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The global economy is weakening and consumers are feeling financially stressed. Gas and heating prices have risen significantly from a year ago and Federal Reserve Chairman Jerome Powell indicated on Wednesday that painfully high interest rates will persist for some time.
It’s tough there, but there’s a silver lining: persistently high inflation is showing signs of easing. To finish.
What is happening: The personal consumer expenditure price index, the Fed’s preferred gauge of inflation, rose 6% in October from a year earlier, the Commerce Department reported Thursday. This is down from 6.3% in September.
“This morning’s data was a Goldilocks report,” Chris Zaccarelli, chief investment officer for Independent Advisor Alliance, wrote in a note Thursday. “If inflation continues to fall, markets will continue to rise as investors conclude that the Fed won’t need to raise rates as high, or keep them high for as long, as previously predicted.”
Inventories of most products are higher, with the notable exception of automobiles, and companies are pushing discounts. Gasoline prices also fell between October and November, which means that inflation could continue to slow.
This is very good news for investors. In a speech at the Brookings Institution in Washington on Wednesday, Powell said the Fed could slow the pace of its aggressive rate hikes as early as December.
Good news on house prices: The Fed’s spirit should also be lifted by a key change: annual rent inflation is starting to ease in the US, rising just 0.4% in October. This is the smallest monthly increase since February. It also backs key data that shows the housing market may finally be changing.
The Case-Shiller U.S. National Home Price Index reported this week that price growth fell from August to September from 12.9% to 10.6%. Morgan Stanley also cut its outlook for U.S. home prices.
Powell struck an optimistic tone this week. “As long as new lease inflation continues to fall, we expect housing service inflation to start falling next year,” he said. This matters because housing plays an outsized role in most inflation measures. “Indeed, a decline in this inflation underlies most forecasts of lower inflation,” he said.
And after: The consumer price index is due on Dec. 13, just a day before the Fed makes its next policy move. It’s the “significant report of the year,” Zaccarelli said. This “could confirm the downward trend in inflation”. But if inflation surprises on the upside “then all bets are off and we could see a sell-off through the end of the year – especially if the Fed decides to hike by the end of the year. year”. [three-quarters of a percentage point] the next day, instead of [half-point] that everyone relies on. »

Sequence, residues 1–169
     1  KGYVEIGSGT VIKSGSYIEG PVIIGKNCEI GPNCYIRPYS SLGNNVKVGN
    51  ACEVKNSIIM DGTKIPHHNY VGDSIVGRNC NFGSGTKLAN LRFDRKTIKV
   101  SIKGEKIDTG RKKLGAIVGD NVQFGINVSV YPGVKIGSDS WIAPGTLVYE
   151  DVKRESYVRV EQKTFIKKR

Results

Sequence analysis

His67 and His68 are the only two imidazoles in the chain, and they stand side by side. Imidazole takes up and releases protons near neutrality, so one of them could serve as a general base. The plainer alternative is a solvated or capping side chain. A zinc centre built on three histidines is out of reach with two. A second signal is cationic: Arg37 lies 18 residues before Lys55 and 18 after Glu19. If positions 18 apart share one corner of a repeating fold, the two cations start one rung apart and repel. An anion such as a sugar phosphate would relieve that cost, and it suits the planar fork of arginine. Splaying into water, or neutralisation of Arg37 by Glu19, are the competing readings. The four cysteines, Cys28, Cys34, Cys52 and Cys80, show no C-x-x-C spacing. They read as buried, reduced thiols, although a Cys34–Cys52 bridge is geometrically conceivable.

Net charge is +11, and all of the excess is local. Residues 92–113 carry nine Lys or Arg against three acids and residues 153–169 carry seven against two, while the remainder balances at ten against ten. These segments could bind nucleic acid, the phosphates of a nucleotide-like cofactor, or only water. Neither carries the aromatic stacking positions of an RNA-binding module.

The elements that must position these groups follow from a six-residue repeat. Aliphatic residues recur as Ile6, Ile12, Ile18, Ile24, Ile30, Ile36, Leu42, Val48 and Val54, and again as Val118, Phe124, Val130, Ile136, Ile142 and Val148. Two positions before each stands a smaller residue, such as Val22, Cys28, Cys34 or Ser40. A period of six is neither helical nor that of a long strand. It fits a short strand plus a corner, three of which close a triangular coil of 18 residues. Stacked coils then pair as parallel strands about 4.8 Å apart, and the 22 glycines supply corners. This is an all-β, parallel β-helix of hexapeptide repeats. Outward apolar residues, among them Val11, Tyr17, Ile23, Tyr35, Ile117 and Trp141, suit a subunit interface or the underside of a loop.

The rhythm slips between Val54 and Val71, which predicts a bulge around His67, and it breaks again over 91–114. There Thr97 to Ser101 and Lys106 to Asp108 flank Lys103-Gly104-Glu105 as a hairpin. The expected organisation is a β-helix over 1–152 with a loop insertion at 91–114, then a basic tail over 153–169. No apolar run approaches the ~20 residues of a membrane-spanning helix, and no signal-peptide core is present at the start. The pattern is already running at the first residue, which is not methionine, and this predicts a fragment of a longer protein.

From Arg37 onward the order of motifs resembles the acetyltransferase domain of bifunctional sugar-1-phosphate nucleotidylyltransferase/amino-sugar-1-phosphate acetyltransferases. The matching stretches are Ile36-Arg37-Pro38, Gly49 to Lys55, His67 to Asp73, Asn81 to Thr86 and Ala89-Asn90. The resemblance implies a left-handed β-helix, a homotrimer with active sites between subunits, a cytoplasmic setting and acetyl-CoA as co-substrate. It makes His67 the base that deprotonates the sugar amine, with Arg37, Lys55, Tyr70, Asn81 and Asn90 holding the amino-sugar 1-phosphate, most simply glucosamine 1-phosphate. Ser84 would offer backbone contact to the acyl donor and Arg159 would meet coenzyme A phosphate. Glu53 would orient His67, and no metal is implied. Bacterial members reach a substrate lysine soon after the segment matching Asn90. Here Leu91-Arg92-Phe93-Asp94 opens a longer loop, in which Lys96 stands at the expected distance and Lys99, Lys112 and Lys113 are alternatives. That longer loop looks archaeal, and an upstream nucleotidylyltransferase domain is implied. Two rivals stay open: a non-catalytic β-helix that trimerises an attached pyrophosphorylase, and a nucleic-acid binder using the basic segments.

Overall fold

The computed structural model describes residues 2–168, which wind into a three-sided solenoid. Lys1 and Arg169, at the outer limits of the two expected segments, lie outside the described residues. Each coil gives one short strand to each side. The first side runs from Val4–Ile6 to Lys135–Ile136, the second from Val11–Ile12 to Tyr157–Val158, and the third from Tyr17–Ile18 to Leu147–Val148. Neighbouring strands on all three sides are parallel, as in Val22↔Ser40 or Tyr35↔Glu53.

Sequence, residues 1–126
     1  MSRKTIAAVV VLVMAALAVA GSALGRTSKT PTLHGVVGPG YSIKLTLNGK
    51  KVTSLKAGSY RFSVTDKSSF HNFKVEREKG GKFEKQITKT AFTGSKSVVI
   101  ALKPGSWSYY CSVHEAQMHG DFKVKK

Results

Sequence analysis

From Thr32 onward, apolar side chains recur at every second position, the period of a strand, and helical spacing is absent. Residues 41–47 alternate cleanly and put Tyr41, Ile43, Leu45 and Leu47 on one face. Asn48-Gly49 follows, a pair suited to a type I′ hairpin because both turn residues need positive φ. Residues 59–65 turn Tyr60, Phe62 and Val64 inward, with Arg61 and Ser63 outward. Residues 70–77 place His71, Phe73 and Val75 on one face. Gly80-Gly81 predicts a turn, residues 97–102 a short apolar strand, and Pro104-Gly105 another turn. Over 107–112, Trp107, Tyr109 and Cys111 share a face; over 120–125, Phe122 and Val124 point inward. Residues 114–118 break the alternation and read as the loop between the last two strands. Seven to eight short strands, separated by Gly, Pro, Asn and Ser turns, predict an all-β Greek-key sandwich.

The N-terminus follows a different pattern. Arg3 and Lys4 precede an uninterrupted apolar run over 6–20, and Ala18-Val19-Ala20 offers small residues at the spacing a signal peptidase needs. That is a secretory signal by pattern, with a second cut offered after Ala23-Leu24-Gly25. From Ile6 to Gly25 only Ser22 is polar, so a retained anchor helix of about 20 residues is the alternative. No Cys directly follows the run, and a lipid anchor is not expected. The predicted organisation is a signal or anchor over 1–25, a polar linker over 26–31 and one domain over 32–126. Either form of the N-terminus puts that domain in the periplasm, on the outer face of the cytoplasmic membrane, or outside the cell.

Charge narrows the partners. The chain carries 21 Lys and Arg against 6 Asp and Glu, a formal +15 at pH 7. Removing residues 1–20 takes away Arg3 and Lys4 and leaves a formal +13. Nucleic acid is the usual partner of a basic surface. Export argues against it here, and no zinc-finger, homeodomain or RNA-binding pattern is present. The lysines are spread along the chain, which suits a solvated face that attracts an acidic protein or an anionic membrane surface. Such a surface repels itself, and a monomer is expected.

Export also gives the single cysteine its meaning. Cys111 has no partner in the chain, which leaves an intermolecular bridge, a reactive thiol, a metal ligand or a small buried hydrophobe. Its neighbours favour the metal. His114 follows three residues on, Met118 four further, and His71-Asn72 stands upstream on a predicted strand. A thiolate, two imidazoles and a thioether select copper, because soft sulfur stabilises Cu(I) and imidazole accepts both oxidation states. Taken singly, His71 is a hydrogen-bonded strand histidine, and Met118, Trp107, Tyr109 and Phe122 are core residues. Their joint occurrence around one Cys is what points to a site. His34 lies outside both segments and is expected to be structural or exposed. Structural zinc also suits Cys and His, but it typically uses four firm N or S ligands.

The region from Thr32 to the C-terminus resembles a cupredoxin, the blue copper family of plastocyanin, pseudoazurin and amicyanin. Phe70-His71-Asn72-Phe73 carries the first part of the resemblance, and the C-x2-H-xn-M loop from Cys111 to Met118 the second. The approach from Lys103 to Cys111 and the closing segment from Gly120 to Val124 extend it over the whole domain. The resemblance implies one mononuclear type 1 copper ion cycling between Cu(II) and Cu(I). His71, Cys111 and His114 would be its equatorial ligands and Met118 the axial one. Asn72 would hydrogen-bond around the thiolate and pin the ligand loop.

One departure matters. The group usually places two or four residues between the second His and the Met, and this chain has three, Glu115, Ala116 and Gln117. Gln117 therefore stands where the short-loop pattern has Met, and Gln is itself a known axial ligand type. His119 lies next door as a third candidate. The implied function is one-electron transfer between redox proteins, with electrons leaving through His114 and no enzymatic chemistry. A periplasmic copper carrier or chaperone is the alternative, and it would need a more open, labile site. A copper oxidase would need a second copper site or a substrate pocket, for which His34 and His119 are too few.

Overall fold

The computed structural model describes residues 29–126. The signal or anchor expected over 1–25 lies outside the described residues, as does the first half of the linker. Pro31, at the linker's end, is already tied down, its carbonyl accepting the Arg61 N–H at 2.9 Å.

Investors are eagerly awaiting today’s jobs report, the last before the Fed’s next meeting, for clues about the future of interest rate policy and the economy.
Economists expect the report to confirm the recent trend of a slowing but still strong labor market.
Despite a series of deep cuts — mostly to tech companies and other businesses that have grown during the pandemic — and fears it will be the calm before the storm, the broader labor market has barely budged, reports my colleague Alicia Wallace.
Weekly jobless claims have been a bit bumpy but remain at levels seen in good economic times. And employees laid off by big companies seem to be finding jobs quickly, said Robert Frick, a business economist at Navy Federal Credit Union.
The ratio of job vacancies to job seekers is falling ever so slightly — and in the right direction for the Federal Reserve, which hopes weaker labor demand will help contain inflation which has been hitting highs for decades.
“The relative softness of high-wage occupations may comfort the Fed, but wage growth is holding up for low- and middle-income workers whose industries are still facing historic labor shortages,” the analysts wrote. analysts from Vanguard’s Economists and Investment Strategy Group in a note. Thursday.
This persistent labor supply shortfall seen throughout 2021 is unlikely to fully reverse anytime soon, Fed Chairman Jerome Powell said in a Q&A on Wednesday. responses at an economic forum.
The labor market “shows only tentative signs of rebalancing, and wage growth remains well above levels that would be consistent with 2% inflation over time,” he said. “Despite some promising developments, we still have a long way to go to restore price stability.”
Prices at the pump continue to plunge, sending the US gasoline average falling below what it was when Russia invaded Ukraine, reports my colleague Matt Egan.
A gallon of regular gas now costs $3.47 nationally, according to AAA. This is below the average of $3.54 on February 24, the day Russia invaded Ukraine.
A range of factors have led to lower gasoline prices – and not all of them are positive. Fears of a potential recession and worries about Covid lockdowns in China hurt energy prices.
Other factors include fewer disruptions to oil flows from Russia than expected and the Biden administration’s record release of oil from emergency reserves.
The bottom line: Gasoline prices are still relatively high for this time of year, but looking ahead, some forecasters see gasoline prices continuing to decline. This could make its way into next month’s inflation reports and lift a significant weight off the shoulders of the Federal Reserve.
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